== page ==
DANUBE CITIES AGAINST HUMAN TRAFFICKING
Trafficking in human beings (THB) is a complex phenomenon that is highly dependent on regional and local economic, social as well as cultural factors.
It is rooted in vulnerability to poverty, lack of democratic cultures, gender inequality and violence against women, conflict and post-conflict situations, lack of social integration, lack of opportunities and employment, lack of access to education, child labour and discrimination.
Local actors – be they public authorities or NGOs – often are closest to both victims and suspects of THB. The local level offers a variety of possibilities for effectively counteracting human trafficking. At the same time, the local actors often lack capacities, resources or know-how in order to initiate activities.The European Union’s report about the “Strategy towards the Eradication of Trafficking in Human Beings 2012–2016” strongly recommends that Member States consult regional/local civil society actors when implementing measures and reporting on achievements. Against this background the EU Strategy for the Danube Region with its specific Priority Area 10 dedicated to “institutional capacity and cooperation” is working towards a thematic networking initiative which shall address in particular cities, towns, relevant NGOs and local institutions in order to enhance capacity-building and know-how transfer on this genuinely transnational and transversal issue.
With the project Danube Cities against Human Trafficking (D-CAHT), we want to:
- raise the awareness of THB among local actors
- provide local actors, administration, representatives of NGOs with information and know-how by highlighting good practices in cities and municipalities
- identify common challenges and provide practical tools for the work of local actors.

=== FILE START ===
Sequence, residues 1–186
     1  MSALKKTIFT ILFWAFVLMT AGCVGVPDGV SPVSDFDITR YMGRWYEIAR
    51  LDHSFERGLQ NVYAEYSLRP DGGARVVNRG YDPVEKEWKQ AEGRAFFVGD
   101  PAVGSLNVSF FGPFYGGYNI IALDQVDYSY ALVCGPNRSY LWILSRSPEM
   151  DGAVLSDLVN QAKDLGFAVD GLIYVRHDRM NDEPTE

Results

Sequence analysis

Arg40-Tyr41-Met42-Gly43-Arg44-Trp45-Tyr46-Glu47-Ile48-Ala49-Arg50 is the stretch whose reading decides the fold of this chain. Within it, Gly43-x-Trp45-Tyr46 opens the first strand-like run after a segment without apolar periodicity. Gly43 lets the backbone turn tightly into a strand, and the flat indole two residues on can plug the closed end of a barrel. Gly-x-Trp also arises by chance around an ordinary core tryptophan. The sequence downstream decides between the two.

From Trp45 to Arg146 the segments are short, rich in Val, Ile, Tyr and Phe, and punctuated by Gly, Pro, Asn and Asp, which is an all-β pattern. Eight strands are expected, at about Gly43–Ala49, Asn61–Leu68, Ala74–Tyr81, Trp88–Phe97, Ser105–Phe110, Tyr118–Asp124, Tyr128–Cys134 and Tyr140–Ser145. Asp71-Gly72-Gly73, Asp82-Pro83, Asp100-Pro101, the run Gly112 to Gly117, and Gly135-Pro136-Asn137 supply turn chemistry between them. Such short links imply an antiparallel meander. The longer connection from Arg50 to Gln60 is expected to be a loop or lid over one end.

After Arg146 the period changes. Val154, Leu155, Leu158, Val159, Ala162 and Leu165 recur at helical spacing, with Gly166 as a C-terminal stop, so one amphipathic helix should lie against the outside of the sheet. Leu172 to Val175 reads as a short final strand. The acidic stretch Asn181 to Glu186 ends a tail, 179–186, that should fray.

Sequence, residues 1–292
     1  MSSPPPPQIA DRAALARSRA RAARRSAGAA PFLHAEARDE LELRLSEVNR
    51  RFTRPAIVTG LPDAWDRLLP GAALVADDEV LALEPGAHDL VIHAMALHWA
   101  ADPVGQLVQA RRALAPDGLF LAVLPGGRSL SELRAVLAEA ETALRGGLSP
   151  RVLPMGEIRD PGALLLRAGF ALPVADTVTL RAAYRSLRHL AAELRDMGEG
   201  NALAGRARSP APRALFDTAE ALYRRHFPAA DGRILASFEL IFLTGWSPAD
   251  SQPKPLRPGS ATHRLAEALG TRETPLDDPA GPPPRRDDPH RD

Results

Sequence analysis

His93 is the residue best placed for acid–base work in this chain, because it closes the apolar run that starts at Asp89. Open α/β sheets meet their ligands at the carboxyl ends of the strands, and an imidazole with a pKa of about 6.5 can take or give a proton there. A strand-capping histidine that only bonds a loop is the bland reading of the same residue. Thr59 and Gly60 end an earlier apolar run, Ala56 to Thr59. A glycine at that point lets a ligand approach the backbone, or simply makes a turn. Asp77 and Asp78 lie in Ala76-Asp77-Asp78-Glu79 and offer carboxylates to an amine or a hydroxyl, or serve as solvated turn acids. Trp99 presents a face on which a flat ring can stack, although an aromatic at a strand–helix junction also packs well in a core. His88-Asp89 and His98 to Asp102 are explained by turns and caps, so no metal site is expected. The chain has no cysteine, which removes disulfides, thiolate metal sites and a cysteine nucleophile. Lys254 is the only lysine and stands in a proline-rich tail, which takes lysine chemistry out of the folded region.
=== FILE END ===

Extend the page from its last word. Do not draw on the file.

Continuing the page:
So far, Priority Area 10 “Institutional Capacity and Cooperation” realised a series of round tables and working groups in order to support mutual learning and exchange of know-how among local stakeholders and experts as well as developed “Guidelines for Municipalities” based on the findings of the STROM project funded by the Council of Baltic Sea States (CBSS).
GUIDELINES FOR MUNICIPALITIES
Priority Area 10 “Institutional Capacity and Cooperation” drafted Guidelines for Municipalities in the Danube Region to step up loacl action against trafficking in human beings. The guidelines are based on the findings of the STROM project and provide basic information and valuable tools for cities and municipalities in the fight against human trafficking. The guidelines are considered work-in-progress and shall be complemented with further good-practices from the Danube Region.
ROUND TABLES & WORKING GROUPS
D-CAHT Round Table on strengthening the role of municipalities and cities in preventing & combating human trafficking & exploitation: the importance of a coordinated and integrated approach | 18 April 2018 | Ljubljana
Round table gathered around 30 experts, practitioners, academics, representatives of municipalities, civil society organizations, international organizations and others interested in the topic of combating human trafficking from nine countries from Danube Region and wider gathered in Slovenia. They dedicated lively discussion and exchange of views on opportunities for strengthening the role of municipalities and cities in preventing and combating human trafficking and exploitation. They have touched upon various angles of this highly multifaced problem that has rarely only national effect – most often regional approach is bringing the most results.
D-CAHT Round Table on preventing and combating human trafficking and exploitation at the local level | 24 November 2017 | Vienna
The Round Table gathered experts from public administration, NGOs, international organisations and academia in order to discuss major challenges in the identification of victims and cooperation between different entities in the fight against trafficking in human beings. A special emphasis was given on the relation between THB and the migration crisis in Europe as well as on protecting children rights. Good practice examples from Vienna, Ljubljana, Barcelona and Moscow showed different approaches to local cooperation between city administrations, law enforcement and NGOs and provided insights on local methods of fighting and preventing trafficking in human beings.
Further information on past round tables and working groups will be published soon.